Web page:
The American Hospital Association said in 2017 that almost 4 million individuals in the United States mostly don’t seek medical attention for health conditions because they do not have access to reliable and safe rides.
In a related development, the findings of a previous meta-analysis of research on the relationship between rides and health revealed that up to 50% of patients in each of those studies indicated that rides were a significant barrier to receiving medical care. When it comes to those from socioeconomically disadvantaged levels, transportation issues are more severe, which is one of the primary reasons why the American Medical Association believes access to rides is a threat to health.
Throughout this article, we’ll discuss how lack of transportation may negatively impact a patient’s rehabilitation issues, as well as some of the ways that institutions and healthcare providers are supporting the removal of this challenge to high-quality patient treatment.
What Is the Relationship Between Access to Ride and Rehabilitation?
The term “ride disadvantaged” refers to more than just a lack of transportation options, whether private or public. Lack of funds for transportation, parking, or other fees might be a contributing factor. Having a difficult time getting about because of a lack of pedestrian or bicycle-friendly facilities is one example of this. If you have access to a vehicle and yet live in an area where the availability of medical resources is virtually impossible, you are also at a disadvantage.
A ride is needed for more than simply visiting a specialist; it is also necessary to go to a drugstore, have radiology or laboratory tests done, and go to a gym to work out comfortably.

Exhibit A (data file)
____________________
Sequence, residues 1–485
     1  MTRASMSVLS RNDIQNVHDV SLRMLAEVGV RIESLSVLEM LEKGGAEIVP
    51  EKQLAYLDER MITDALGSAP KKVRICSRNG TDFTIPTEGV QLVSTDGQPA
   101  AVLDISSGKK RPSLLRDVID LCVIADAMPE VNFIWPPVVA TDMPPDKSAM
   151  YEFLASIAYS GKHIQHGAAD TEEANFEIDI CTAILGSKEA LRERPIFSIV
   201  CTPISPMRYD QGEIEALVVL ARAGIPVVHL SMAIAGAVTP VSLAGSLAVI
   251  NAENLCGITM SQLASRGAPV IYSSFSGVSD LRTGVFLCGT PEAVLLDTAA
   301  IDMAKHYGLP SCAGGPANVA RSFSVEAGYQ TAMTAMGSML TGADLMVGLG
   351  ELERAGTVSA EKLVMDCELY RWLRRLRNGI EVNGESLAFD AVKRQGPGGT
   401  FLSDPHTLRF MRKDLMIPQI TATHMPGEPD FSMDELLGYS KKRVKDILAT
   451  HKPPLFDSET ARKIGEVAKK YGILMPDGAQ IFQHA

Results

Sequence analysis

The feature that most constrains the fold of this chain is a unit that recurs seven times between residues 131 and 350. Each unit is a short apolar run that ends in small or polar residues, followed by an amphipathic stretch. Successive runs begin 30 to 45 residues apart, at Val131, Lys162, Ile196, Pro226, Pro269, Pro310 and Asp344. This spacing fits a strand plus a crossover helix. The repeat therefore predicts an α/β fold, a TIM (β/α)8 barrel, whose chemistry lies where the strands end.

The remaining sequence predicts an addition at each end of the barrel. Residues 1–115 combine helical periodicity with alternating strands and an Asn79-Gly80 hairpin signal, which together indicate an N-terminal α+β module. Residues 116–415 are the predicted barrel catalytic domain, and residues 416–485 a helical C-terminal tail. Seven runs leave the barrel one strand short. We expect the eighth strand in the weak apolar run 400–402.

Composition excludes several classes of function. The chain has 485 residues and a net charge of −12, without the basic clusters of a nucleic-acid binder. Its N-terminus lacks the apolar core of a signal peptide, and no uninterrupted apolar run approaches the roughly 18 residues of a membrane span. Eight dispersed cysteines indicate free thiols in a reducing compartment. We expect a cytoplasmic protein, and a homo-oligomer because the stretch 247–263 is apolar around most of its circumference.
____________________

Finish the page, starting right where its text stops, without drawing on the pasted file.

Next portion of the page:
If a patient is unable to get a ride throughout their rehabilitation, they are at greater risk of developing a variety of health issues in the future. Delaying or skipping visits with a primary care specialist might hurt rehabilitation patients’ ability to control their diseases and lower the likelihood of a significant relapse. Patients in poor socioeconomic status have a greater risk of developing health issues, according to studies. As a result, these individuals may be subjected to more expensive trips to the ER and longer stays in rehabilitation centers.
Patients who are unable to get a ride to and from their primary care doctor’s office may also have difficulty adhering to their doctor’s healthcare program and pharmaceutical routine that is advised to manage symptoms. This is less likely to be followed by rehab patients who are unable to travel consistently to and from a drugstore. Workout plans will be difficult for those who can’t go into a gym or other safe outdoor places.
Efforts to Improve Access to Rides
When it comes to getting medical treatment, many rehabilitation patients have to deal with ride-related barriers. There is no quick fix. Many examples exist of how businesses, governments, and non-profit groups are striving to tackle some of the issues. In need of in home care? Contact us!
Health Outreach Partners (HOP) produced a study in 2016 that recommended enhancements in five core areas:
Increasing the quality of ride services:
. Patients who are unable to leave their homes to visit rehab centers on their own might make use of special ride services provided by healthcare facilities. Patients who use public rides to go to and from their medical appointments may also benefit from these services, which may include offering rebates or tickets to those who use public rides to get to and from their medical appointments. Complete Care Transportation aims to continuously provide that excellent services for its clients.
. Instead of bringing the patient to the health center, this category comprises processes that deliver medical experts to the patients. Primary healthcare facilities at schools and workplaces, as well as mobile clinics and home health care, are all examples of this. As an alternative to a nice ride, e-health may be a community-based location for patients and providers alike.
. One option is to provide alternative working hours so that patients who are unable to attend their sessions between the typical 9 a.m. and 5 p.m. workdays can receive a timely diagnosis during the day, late afternoon, or on holidays. The idea is to reorganize facilities so that patients may meet all of their medical requirements under one umbrella (like we do at ChenMed), including a doctor’s appointment, laboratory tests, test results, and medication fulfillment.
In addition to the obvious health advantages, reducing mobility obstacles for our patients also has a positive impact on the financial line of local communities.